MADRID, 22 (EUROPA PRESS)
The Arizona Democratic Party has issued a censure against Arizona Sen. Kyrsten Sinema, who on Wednesday blocked the Senate from passing a Democratic-sponsored voter protection bill to change filibuster rules on dozens of state laws. of Republican lawmakers eroding the federal vote.
“This announcement does not give us any satisfaction: the Board of Directors of the Democratic Party has decided to formally censor Senator Sinema as a consequence of not having done what is necessary to guarantee the health of our democracy,” explained the party’s president, Raquel Terán, it’s a statement.
The censorship has no practical consequence and the text itself recognizes Sinema’s contributions to approve the star laws of the Democratic Party so far in the legislature: the United States Rescue Plan and the Infrastructure Law.
However, the voter protection law was another banner of the current legislature for Democrats, who believe that the laws promoted by the Republicans at the state level toughen voter identification requirements, hinder voting by mail or reduce the number of places voting.
The blocking of this bill, which had to have the support of half of the Senate, represents a setback for the Administration of President Joe Biden.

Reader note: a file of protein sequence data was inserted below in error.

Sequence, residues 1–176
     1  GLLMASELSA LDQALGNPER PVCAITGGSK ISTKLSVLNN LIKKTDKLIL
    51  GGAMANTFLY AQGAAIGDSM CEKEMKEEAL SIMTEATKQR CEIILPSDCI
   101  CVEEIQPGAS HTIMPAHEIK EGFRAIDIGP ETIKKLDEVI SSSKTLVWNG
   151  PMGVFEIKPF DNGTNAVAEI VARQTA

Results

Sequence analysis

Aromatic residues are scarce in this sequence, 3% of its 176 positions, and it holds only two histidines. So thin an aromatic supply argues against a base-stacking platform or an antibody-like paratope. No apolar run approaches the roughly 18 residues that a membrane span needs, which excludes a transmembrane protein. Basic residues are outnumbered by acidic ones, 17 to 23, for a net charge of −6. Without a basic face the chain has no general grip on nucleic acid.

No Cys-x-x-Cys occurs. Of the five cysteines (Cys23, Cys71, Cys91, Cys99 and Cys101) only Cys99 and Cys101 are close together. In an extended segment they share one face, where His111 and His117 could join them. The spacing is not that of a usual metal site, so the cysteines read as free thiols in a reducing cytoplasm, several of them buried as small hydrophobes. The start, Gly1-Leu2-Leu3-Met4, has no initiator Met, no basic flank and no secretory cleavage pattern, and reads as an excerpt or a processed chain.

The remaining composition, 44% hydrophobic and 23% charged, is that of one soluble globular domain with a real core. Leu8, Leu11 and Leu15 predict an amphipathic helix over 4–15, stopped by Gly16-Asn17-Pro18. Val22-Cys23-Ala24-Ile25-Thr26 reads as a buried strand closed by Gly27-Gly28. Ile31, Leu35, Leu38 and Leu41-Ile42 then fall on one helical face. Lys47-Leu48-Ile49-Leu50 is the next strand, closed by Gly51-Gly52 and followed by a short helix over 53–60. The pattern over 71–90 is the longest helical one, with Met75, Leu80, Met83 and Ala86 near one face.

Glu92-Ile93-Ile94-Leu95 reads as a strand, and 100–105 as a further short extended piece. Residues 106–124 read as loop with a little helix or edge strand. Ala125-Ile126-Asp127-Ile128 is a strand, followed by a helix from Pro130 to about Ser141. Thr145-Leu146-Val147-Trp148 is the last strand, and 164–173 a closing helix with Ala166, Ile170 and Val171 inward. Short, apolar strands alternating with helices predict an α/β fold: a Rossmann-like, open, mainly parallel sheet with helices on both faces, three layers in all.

The bill also intended to put an end to obstructionism or filibusterism, which comes from the English term ‘filibuster’, -use of obstructive tactics that prevent a bill or measure from reaching the vote-, a tactic that Biden has criticized during his mandate, especially after the storming of the Capitol in January of last year.
Obstructionism, which is not in the Constitution, occurs when a bill has the support of at least 60 senators, although today that criterion is not met under a bipartisan climate, with hardly any majorities in the approval of laws.
The Senate agreed in a special session in 1917 to a rule that preserved its tradition of unlimited debate. The rule required a two-thirds majority to end debate and allowed each member to speak for an additional hour before voting. During the following 46 years, the Senate managed to invoke the closure only five times, according to the official website.
But this rule was revised in 1970 to require 60 votes instead of 67. Democratic Senate Majority Leader Harry Reid in 2013 changed the voting precedent through what is known as the ‘nuclear option’ to confirm cabinet candidates with a simple majority rather than a supermajority of 60 votes.